In the same way, AP has led many to search for some “prime mover”. Tipler and Barrow use Human (with a capital H) as that prime mover, and others immediately jump to God.

    But that’s the jump that Thomas Aquinas made first. That’s not new physics. It’s a shame that this is also the point where most people stop with AP.

    And you’re absolutely correct: there’s more to be learned about our physical universe using the accepted scientific method as it applies to AP. They (Tipler and Barrow, 1986) go to great lengths to demonstrate this (in the Cosmological Anthropic Principle, of course), even to the point of noting some predictions that have already *not* panned out (as well as some that cannot yet be demonstrated, but could be in principle).

    I always thought that *that* was pretty impressive.

    Thanks again for reading and for taking the time to comment.
    Joe

  3. island Says:

    No, it is my pleasure to finally meet somebody that doesn’t auto-dismiss the AP for all the wrong reasons. I’m into my fourth year strictly studying the anthropic principle, and I can tell you many things that I have learned that are not commonly known, but are quite apparently true when they are noted.

    This stuff is easy to find, as I said, people simply don’t bother to look, except when they are motivated for pre-prejudiced resons, so even they don’t find obvious relevant facets to the physics that carry predictive capabilities.

    “Many Worlds” is one interpretation, but an implication that we are not here by accident doesn’t most naturally fall from many worlds, which rationalizes how we can be. Quite to the contrary, if we are indeed the mechanism that constrains the forces, then there should be a good physical reason for it that follows the least action principle, where the odds for intelligent life are *necessarily* 1.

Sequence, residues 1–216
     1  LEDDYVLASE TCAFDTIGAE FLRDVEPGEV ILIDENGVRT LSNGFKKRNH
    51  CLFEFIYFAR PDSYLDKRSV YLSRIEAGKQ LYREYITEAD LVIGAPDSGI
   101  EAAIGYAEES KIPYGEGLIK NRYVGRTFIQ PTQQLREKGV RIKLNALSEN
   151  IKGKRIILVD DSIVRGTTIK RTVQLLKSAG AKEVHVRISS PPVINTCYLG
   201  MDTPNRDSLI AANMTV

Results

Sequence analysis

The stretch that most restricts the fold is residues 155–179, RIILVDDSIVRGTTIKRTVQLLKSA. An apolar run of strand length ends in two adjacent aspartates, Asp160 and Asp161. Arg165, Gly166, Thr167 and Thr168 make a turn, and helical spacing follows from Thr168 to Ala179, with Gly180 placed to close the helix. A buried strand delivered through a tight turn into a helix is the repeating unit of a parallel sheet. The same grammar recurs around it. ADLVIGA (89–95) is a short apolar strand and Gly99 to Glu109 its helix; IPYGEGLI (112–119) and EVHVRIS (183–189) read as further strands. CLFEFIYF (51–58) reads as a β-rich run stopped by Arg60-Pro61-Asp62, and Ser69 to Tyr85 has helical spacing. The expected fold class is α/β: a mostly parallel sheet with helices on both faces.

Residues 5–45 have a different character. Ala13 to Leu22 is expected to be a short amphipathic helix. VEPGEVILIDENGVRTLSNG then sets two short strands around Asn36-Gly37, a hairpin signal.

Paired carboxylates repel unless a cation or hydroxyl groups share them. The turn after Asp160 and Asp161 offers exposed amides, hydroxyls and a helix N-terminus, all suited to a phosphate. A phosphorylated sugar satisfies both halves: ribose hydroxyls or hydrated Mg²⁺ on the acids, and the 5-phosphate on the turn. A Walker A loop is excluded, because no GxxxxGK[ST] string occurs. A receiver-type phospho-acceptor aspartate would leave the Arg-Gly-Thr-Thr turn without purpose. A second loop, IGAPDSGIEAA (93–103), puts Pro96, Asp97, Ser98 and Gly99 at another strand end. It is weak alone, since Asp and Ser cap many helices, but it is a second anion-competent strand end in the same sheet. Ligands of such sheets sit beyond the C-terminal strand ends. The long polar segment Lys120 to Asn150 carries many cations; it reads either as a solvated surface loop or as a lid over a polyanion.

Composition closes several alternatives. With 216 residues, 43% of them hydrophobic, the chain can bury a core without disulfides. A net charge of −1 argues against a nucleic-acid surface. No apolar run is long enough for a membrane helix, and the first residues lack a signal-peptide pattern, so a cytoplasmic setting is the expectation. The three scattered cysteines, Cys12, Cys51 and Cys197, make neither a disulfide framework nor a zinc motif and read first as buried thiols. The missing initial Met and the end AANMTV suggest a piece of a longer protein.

There is…

  4. island Says:

    I’m disappointed that you failed to continue our conversation, Joe.

  5. Joe Says:

    It’s my pleasure too, Island.
    Apologies, btw. I have been busy, and not being a professional writer, blog mostly occasionally.

    Now, you’ve brought up several good points (and it’s certain that you probably have more to teach me about AP than I could teach you), but one in particular interests me…

    “Many Worlds” is one interpretation, but an implication that we are not here by accident doesn’t most naturally fall from many worlds, which rationalizes how we can be.

    My understanding is that “Many Worlds” expressly indicates that we *are* here by accident. We observe our universe because, for no particular reason, it’s the one we’re in. And isn’t that the heart of the dissatisfaction with “Many Worlds”? — that one can get *any* result out of it? Ok, by putting that in the form of a question, I’m cheating, ’cause I’m not explicitly stating that *I’m* dissatisfied, but I am. If I’m reading the literature correctly, I’m not the only one.
    Worse, there’s growing dissatisfaction with String Theory for essentially the same reason. Both seem to allow one to ‘build’ any desired universe without giving any deeper understanding.
    I think that Feynman was dissatisfied with quantum for the same reason.

    They all seem curiously able to answer the question without answering them.

    We’ll have more to say about this, I’m sure!

    Thanks again for the discussion.

  6. island Says:

    Now it is me who has been remiss, as I lost this page and just found it again.

    Joe, I don’t disagree with you, but John Barrow and the templeton foundation support the many-worlds interpretation.

    Now, I know that these guys don’t believe that we’re here by accident, so I’m not sure where their logic is at… but… ?

    Unfortunately, the attack against the multiverse by LQG theorists is typically contained within an attack against the anthropic principle, rather than this particular “abuse” of it.

    The “scientists” at Peter Woit’s blog, “Not Even Wrong”… are extremely biased against the AP for all the previously mentioned wrong reasons.